Why is investing so confusing?
By Julia Fernandes
March 22, 2012
 
Recently, I landed up an opportunity to work in a financial services company. As part of my job I had to read up everything about finance and investing. As I started on it, I came across daunting financial ratios, different kinds of returns, complex financial instruments that could possibly intimidate any average person.
 
I was reading an investment article which went something like this, “To generate 10 percent returns overall given conditions where 15 percent will be lost on half the investment, the remaining 50 percent must generate atleast 35 percent returns.” I gave up reading the remaining article. 
 
Finally, I asked myself what is investing all about. When I peeled all the financial jargons, I reached the bottomline. It is just about making money and more money. Man has, over the years, used his knowledge to create paper first and then his intelligence to attach value and power to that paper. And lo, you have money -- plain paper which you can buy the whole world with.
 
What could be more ironic. Man created money and today, money rules man. Man’s desire to earn more and more led to the creation of stock markets, bond markets, insurance, etc. We have not spared anything; we have commoditized everything, including metals, oil, gas.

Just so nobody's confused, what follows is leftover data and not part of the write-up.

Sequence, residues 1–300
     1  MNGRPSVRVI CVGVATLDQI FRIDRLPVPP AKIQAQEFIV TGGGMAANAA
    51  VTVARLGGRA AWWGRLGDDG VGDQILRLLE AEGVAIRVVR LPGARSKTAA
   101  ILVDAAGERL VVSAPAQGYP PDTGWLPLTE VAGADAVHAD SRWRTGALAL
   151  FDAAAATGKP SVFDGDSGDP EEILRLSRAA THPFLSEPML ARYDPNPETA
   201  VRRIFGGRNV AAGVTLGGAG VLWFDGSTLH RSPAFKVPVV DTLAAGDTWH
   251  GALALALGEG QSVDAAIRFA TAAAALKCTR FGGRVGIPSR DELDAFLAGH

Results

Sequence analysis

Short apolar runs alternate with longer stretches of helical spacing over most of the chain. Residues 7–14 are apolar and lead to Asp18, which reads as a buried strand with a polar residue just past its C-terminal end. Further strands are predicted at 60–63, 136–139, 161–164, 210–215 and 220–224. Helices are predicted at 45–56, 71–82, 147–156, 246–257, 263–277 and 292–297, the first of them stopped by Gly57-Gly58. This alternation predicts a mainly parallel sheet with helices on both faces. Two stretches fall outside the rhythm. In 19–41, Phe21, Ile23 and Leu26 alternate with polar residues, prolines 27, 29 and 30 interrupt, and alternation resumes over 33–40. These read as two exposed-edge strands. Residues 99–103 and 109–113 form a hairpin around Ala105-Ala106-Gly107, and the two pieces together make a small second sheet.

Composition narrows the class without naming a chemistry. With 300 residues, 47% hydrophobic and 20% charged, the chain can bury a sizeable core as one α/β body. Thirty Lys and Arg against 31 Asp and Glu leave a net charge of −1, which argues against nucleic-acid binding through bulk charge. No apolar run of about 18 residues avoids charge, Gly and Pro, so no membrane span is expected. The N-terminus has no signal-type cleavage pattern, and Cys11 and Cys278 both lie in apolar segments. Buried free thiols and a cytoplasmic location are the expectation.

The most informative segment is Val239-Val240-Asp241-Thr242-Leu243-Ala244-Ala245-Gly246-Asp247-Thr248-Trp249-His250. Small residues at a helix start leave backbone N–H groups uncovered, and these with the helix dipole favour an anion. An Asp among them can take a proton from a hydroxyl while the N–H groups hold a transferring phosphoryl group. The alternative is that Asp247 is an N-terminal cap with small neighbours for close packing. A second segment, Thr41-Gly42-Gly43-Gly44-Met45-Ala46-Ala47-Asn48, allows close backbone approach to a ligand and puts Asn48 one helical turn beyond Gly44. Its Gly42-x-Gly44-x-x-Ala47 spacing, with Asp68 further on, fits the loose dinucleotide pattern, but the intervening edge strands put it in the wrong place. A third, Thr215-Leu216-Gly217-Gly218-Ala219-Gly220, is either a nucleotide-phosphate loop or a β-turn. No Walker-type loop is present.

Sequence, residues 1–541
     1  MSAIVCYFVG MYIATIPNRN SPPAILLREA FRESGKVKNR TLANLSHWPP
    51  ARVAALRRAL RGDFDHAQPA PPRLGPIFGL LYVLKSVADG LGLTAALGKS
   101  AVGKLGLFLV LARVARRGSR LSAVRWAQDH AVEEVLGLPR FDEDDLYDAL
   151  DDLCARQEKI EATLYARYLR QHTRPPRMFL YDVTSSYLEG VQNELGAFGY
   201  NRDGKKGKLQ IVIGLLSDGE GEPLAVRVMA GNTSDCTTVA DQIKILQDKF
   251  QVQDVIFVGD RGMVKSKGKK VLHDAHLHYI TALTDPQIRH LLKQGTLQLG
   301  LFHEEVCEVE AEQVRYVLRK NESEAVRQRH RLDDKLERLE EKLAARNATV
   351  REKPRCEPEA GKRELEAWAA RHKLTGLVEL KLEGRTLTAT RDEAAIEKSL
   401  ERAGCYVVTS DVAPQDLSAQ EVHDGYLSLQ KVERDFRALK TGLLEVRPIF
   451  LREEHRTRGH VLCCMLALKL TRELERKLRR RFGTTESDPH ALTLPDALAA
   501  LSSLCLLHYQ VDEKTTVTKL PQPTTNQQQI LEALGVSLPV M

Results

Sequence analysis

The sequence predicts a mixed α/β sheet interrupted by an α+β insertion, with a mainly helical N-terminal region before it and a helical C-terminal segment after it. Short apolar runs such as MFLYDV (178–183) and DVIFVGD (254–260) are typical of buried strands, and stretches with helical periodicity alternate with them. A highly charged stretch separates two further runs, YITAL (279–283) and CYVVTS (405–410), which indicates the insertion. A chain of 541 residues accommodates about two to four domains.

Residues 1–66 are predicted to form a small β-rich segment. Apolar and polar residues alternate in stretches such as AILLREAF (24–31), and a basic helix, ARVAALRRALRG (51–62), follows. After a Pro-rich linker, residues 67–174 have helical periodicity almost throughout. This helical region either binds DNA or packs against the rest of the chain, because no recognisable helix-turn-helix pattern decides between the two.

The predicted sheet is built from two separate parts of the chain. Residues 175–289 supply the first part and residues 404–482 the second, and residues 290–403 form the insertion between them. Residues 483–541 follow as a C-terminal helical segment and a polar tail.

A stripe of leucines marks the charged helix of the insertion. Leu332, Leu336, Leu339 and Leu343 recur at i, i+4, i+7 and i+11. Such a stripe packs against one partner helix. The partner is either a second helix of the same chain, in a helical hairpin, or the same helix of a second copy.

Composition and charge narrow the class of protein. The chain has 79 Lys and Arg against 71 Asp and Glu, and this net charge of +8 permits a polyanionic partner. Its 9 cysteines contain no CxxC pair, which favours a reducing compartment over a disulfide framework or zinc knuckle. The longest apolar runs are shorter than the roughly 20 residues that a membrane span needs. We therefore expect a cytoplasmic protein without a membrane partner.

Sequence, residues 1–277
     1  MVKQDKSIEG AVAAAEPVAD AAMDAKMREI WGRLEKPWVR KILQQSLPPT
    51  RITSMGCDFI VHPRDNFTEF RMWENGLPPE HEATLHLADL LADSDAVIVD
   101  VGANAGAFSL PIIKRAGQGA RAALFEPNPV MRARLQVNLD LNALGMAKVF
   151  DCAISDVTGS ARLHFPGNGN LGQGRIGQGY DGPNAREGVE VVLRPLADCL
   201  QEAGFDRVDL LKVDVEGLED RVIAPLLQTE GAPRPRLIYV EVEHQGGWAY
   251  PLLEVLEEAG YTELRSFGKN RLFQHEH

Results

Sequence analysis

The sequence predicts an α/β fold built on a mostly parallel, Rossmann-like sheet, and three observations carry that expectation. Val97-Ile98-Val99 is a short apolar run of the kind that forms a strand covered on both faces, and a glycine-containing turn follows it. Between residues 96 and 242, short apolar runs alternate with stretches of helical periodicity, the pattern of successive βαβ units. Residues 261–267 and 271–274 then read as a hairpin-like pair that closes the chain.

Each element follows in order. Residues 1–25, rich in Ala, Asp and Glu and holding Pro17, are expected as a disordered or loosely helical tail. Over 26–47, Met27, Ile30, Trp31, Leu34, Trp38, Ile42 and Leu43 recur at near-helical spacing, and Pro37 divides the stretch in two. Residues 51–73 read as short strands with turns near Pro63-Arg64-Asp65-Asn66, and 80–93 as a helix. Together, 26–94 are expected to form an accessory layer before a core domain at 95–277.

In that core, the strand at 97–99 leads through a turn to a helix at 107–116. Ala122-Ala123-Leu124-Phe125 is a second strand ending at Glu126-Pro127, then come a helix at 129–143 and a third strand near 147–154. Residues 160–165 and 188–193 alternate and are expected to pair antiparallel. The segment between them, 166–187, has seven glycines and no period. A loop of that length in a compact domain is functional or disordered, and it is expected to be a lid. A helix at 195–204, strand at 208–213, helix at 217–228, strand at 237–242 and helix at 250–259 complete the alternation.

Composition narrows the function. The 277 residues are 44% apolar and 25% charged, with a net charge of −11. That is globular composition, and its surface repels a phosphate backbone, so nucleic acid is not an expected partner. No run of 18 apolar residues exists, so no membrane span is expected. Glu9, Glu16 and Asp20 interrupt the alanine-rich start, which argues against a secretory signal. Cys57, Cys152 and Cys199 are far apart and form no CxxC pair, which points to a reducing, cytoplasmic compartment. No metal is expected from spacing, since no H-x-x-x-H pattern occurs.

The only things that have been spared are the Sun, Moon and the Stars. But, I won’t be surprised if tomorrow some smart Alec will start selling Sun Futures based on the amount of sunshine the sun gives in a particular place. Or there will be a Moon Fund, one waxing Fund and one waning Fund.
 
Somewhere, in all this fast-paced financial developments nobody has really stopped by to think what are we doing? Will our desire for money ever end? We are building such complex financial mini worlds that nobody really knows how and when and who will get busted.
 
Our ancestors lived happily without much finance and investment. Making money is not bad. But, nobody really knows how much is enough? I wish atleast one financial person gets up from his slumber and tells the world that it is ok if you do not invest, it is ok if you do not understand these ratios, it is perfectly fine to not have financial goals, for that is not what we are sent to achieve on this earth. 
 
We have all been born for a higher purpose. I wish somebody stands up and demystifies this whole money-making business that is entirely built and driven on just one factor -- desire to earn more and more. I wish somebody has the grit to say -- this is enough!